In addition, a $1 billion Clean Energy Transition Fund would be created “to assist coal workers and communities with the transition to clean energy.”

Speaking with Australia’s ABC, Di Natale emphasized the transition from coal is “an economic imperative”:

There is an economic imperative here in that if we don’t make the transition away from dirty, coal-fired power to clean, renewable power, we’re going to miss out on the jobs that come with that. We’re not going to be setting ourselves up as a nation for the huge economic opportunities that exist in making the transition.

People are going to be looking at coal in the same way as people look at the horse and cart when it comes to transport.

Saving 3.3 million acres in the "heart of the Amazon"

Image credit: Neil Palmer/CIAT

Image credit: Neil Palmer/CIAT

"For over a decade, Chicago’s Field Museum has been working with the Peruvian government on the creation of a national park 22 times larger than the Windy City itself. Finally, their efforts have paid off: a large portion of the Sierra del Divisor mountain range has just been granted national park status, making the central 3.3 million acres of Amazonian rainforest untouchable to those looking to profit off its resources."

Read more at Peru establishes 3.3 million acre national park in the heart of the Amazon

Paleo Pumpkin Brownies

Image credit:

Image credit:


"These brownies are legit the most amazing dessert I’ve ever made…and I’ve made a lot of dessert. Linley and I tested these babies 4 times before getting it JUST right. I based the recipe off of Davida’s Avocado Brownies, but there’s no avocados involved. When I was in Toronto a few months ago (I can’t believe it’s already been a few months since I as in the TO), I had the pleasure of eating her Avo Brownies first hand and huzzzzzah….they were delicious!"

Read more at Grain-Free Pumpkin Brownies

Exxon: What did they know and when did they know it?

Did Exxon, over 30 years ago, recognize that the burning of fossil fuels would increase atmospheric CO2 and warm the planet? Take a careful look at the graph above from an Exxon research study published in 1981 and recently posted by CleanTechnica. As you can see, Exxon scientist noted the range of global temperatures due to “natural fluctuations” would remain level beyond 2100. However, they discovered that continued release of CO2 into the atmosphere would warm the planet much above the normal historical baseline.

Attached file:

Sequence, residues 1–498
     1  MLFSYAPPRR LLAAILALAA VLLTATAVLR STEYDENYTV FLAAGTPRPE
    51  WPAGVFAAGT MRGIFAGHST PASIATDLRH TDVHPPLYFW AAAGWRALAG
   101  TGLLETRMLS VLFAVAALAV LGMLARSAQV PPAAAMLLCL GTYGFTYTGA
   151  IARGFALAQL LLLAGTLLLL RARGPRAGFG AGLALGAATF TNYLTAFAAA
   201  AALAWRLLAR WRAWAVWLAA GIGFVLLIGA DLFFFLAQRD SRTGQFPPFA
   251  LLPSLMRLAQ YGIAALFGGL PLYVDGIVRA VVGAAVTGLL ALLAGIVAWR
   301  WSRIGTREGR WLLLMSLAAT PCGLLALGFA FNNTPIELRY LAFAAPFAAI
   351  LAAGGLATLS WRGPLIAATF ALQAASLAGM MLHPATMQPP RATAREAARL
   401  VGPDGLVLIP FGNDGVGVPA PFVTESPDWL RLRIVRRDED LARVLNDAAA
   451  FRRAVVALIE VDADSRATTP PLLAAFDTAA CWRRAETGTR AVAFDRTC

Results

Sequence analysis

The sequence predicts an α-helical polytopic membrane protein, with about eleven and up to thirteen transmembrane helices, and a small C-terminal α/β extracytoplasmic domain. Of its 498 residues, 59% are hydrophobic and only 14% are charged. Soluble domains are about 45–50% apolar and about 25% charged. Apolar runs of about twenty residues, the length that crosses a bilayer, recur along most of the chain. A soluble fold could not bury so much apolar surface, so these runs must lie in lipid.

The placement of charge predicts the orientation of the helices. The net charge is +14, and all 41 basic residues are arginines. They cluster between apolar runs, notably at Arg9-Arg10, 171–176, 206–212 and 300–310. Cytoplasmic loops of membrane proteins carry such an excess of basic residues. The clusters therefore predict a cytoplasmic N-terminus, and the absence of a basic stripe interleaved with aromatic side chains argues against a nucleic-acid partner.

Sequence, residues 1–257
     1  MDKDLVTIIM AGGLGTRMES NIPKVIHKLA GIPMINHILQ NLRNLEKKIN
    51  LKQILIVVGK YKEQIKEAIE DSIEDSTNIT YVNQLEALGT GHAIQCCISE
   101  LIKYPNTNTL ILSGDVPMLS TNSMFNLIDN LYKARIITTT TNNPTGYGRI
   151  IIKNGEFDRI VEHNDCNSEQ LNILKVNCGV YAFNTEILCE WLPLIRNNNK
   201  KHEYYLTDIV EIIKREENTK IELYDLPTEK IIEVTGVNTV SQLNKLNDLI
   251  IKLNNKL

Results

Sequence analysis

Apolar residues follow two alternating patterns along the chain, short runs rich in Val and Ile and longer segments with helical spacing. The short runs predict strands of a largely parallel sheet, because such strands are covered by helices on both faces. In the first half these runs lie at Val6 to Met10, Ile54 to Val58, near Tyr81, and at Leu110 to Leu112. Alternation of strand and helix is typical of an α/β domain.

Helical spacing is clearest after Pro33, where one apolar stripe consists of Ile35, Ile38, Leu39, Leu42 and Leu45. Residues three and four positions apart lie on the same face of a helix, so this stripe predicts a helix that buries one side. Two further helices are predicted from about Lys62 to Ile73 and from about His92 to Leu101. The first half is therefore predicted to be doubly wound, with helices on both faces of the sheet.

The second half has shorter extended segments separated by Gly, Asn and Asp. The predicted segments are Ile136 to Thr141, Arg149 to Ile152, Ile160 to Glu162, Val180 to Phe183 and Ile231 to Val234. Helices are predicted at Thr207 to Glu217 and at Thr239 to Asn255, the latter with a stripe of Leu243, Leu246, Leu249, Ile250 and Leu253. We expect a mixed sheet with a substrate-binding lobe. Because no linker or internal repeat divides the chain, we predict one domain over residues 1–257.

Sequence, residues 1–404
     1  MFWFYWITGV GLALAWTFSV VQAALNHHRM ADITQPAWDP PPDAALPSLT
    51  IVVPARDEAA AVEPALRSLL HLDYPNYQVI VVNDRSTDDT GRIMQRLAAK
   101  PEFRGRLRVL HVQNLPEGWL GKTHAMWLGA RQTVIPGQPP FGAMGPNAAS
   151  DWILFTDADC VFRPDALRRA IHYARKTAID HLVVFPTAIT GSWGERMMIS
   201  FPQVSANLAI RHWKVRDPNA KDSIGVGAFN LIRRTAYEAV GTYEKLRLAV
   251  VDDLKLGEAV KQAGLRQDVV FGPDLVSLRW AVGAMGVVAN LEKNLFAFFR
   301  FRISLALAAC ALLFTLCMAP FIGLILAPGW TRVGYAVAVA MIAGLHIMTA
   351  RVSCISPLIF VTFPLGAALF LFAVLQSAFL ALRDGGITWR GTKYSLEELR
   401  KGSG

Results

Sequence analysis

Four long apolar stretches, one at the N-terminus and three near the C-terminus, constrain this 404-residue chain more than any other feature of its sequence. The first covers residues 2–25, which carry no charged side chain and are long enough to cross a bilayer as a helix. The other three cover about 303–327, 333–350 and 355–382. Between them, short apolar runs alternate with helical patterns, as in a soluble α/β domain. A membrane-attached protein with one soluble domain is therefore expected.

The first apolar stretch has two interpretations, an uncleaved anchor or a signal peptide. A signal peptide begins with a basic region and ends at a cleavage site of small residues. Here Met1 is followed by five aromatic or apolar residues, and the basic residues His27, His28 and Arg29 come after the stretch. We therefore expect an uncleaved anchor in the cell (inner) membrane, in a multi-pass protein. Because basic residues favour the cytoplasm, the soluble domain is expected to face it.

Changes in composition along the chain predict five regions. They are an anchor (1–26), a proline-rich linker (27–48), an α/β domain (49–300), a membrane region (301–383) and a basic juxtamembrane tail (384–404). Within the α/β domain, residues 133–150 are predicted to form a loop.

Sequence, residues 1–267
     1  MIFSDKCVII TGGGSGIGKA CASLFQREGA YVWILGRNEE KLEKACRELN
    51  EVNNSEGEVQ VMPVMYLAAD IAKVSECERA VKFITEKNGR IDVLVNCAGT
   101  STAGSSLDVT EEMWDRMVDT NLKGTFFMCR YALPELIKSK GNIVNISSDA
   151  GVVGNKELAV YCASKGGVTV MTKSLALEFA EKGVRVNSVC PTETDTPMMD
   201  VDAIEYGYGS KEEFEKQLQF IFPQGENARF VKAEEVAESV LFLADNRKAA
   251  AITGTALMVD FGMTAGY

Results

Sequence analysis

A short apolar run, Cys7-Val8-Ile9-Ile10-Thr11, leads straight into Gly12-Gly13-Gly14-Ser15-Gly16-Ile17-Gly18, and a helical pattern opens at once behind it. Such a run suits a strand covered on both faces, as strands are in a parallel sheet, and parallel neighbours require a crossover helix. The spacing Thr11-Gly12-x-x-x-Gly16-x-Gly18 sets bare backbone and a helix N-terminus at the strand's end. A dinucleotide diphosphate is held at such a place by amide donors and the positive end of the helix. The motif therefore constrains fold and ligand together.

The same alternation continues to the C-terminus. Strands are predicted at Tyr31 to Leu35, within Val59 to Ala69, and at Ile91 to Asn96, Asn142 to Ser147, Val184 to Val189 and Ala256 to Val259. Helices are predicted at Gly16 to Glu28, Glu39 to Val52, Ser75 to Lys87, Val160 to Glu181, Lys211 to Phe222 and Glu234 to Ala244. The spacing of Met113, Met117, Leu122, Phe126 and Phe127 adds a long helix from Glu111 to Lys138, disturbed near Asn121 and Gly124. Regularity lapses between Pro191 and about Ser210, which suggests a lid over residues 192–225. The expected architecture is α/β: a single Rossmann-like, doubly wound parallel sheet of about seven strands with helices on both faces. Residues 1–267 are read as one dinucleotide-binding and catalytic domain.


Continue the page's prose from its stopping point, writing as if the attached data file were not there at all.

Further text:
Instead of acting on their results and investigating alternative energy sources, Exxon began denying humans were warming the planet and obstructed corrective measures. As reported by The Guardian:

Exxon channeled about $30m to researchers and activist groups promoting disinformation about global warming over the years, according to a tally kept by the campaign group Greenpeace. But the oil company pledged to stop such funding in 2007, in response to pressure from shareholder activists.

Despite the pledge, ExxonMobile (Exxon & Mobil merged in 1999), continued their obstruction and “gave more than $2.3m to members of Congress and a corporate lobbying group that deny climate change and block efforts to fight climate change – eight years after pledging to stop its funding of climate denial.”

Pope Francis at UN: Harm to the environment is harm to humanity

Photo by Mike Segar/Reuters

Photo by Mike Segar/Reuters

"First, it must be stated that a true “right of the environment” does exist, for two reasons. First, because we human beings are part of the environment. We live in communion with it, since the environment itself entails ethical limits which human activity must acknowledge and respect. Man, for all his remarkable gifts, which “are signs of a uniqueness which transcends the spheres of physics and biology” (Laudato Si’, 81), is at the same time a part of these spheres. He possesses a body shaped by physical, chemical and biological elements, and can only survive and develop if the ecological environment is favorable. Any harm done to the environment, therefore, is harm done to humanity."